An accusation of "Russophobia" renders the world neatly black and white, works to legitimize Russian policy for the masses, supports the vertical of power and helps the opinion leaders of the "bottom floors" of society sort things out in the heads of their followers, Aimar Ventsel writes.
A few years ago, quite a few people in Estonia became Russophobes. The certificate complete with an entry ban came direct from the Russian Embassy. Generally speaking, words that end in "phobia" and start with an ethnonym are ethnocentric.
Russophobia should stand for if not outright hatred then at least negative attitude toward ethnic Russians, their language and culture. Just as words ending in "philia" should mark positive attitudes based on ethnicity, where Russophilia would constitute a positive attitude toward ethnic Russians, the Russian language and culture. However, the concept officially in use in Russia is different. It is a politicized expression the meaning of which has changed and has nothing to do with its original form.
I was first dubbed a Russophobe at an international conference in Vilnius in 2015. A lot of the participants were colleagues from Russia, and I developed a fierce dispute over Crimea with an old acquaintance.
They had become a Kremlin loyalist and found what happened in Crimea to have been entirely legal and not hurt anyone. I represented the opposite position. Such were the times, emotions were running high and scientific circles were tense for political reasons. And then it happened: "Aivar, I had no idea you were a Russophobe!" my colleague told me.
I was left somewhat at a loss in terms of what to do with this newfound information. We were speaking Russian, with the conference about joint research in the Arctic, whereas none of the participants had refused to speak Russian or deal with Russians. Rather, Russian is the second working language of our guild, next to English.
The second time I was called a Russophobe was in a pro-Kremlin Facebook group of Estonian Russians. The accusation was let fly by a group moderator, former journalist and a proud freelance contributor of Russian propaganda network Sputnik.
The topic of the day was how Russia's Sputnik was the best coronavirus vaccine in the world. I said something along the lines of, they cannot even make cheese in Russia, not to mention vaccines.
(Incidentally, it makes for a separate interesting story. When import of food products from "hostile" countries was banned in Russia in 2014, the quality of food suffered. Dairy products were made using palm oil. Such surrogate products taste rather disgusting. But for some reason, it is Russian cheese in particular that sparks a painful reaction in the Kremlin's patriots. Including those who live in Estonia.)
Anyway, I was dubbed a Russophobe for the second time and by a person who is familiar with modern Russian political terminology.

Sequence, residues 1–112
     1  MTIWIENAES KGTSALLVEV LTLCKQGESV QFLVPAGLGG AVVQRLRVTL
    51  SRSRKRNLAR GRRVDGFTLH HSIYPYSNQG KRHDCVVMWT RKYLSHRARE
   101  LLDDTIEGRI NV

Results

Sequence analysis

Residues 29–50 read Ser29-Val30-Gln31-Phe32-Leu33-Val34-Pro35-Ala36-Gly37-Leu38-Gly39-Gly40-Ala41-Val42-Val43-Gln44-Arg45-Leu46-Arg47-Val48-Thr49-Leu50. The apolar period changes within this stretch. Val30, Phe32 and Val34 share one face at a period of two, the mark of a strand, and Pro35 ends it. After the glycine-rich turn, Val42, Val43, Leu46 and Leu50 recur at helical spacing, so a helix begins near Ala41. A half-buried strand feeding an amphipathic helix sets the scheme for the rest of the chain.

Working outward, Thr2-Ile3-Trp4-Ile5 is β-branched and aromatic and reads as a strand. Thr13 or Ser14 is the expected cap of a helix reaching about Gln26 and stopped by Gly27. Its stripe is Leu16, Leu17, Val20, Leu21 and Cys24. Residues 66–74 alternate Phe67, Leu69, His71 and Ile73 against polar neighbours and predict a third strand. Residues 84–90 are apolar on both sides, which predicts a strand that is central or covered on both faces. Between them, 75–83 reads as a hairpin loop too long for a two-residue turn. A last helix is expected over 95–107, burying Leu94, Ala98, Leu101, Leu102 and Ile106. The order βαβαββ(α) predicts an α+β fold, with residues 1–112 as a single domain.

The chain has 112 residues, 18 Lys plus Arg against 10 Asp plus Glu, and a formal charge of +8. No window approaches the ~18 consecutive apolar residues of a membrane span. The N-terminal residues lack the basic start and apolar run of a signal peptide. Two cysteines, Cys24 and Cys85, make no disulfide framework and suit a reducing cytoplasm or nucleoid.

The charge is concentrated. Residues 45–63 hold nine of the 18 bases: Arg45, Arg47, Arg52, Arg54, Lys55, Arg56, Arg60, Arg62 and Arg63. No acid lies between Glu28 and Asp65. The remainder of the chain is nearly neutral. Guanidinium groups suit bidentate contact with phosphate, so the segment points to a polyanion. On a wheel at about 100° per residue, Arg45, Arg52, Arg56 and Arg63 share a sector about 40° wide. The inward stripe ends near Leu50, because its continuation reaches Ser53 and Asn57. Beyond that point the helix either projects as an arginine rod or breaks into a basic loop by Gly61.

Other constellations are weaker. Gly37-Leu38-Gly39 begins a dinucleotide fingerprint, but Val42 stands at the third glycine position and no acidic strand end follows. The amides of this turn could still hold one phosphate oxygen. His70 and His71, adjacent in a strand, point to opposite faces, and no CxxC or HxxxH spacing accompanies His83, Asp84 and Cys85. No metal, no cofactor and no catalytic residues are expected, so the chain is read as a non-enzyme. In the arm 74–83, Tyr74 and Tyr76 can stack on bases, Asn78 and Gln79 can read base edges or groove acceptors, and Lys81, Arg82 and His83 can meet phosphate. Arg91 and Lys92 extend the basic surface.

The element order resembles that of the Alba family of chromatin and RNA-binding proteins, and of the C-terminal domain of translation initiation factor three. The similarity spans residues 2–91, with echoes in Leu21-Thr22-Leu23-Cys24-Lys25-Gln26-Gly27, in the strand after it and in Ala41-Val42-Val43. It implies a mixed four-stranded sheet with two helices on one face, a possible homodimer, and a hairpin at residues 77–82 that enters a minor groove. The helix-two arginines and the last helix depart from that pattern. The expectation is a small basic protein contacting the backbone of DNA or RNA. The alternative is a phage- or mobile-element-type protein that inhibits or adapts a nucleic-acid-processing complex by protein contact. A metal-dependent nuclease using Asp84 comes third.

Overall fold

To sum it up briefly, Russophobia now stands for all manner of critical attitude toward the policy, leaders and way of life of Russia as a country. It has nothing to do with the Russian language and culture and rather exists as a vague political term that can be used in every situation. In my personal case ranging from the annexation of Crimea to the quality of Russian cheese.
My friend from university Andrei Hvostov explained how Russians understand the world "fascist" in his book "Sillamäe passioon." He wrote that it has nothing whatsoever to do with hostility toward parliamentary democracy. A fascist is someone who hates Russians, Russia, the Soviet Union and everything that can be associated with these things.
The Russophobe is the new fascist of Kremlin loyalists, with its "functions" broadened. Whereas the terminological shift also made it among the masses. If as recently as in 2014, the word fascist was still used as a derogatory term in social media forums and groups – including Estonian ones, it rather comes off as a worn out retro expression these days.
In the Scholar Google academic search engine, entering the keywords "Russophobe" and "Russophobia" returns a solid number of publications, including distinguished scientific journals. In other words, Russia's use of accusations of Russophobia following political reasons has become an official object of academic studies.
An accusation of "Russophobia" serves multiple goals.
First, it renders the world neatly black and white, creates the us-them dichotomy. A Russophobe has already lost all semblance of humanity. One cannot expect anything good from such a person (or government, state, group etc.). Because a Russophobe will never even consider sporting a positive attitude toward the Russian state and its leaders.
Secondly, it legitimates Russian policy for the masses. Russophobes need to be resisted.
Thirdly, it supports the vertical of power and helps the opinion leaders of the "bottom floors" of society sort things out in the heads of their followers. The aforementioned cheese conflict serves as a good example. The enemy has been identified, everything is a-okay with cheese in Russia!
Political semiotics is interesting. If only because the terminology keeps changing and developing, crossing state borders and adapting to local circumstances. As of today, the words "Russophobe" and "Russophobia" are alive and well. They are so universal that I cannot imagine which expressions could replace them. However, there is currently also no need.
Editor: Marcus Turovski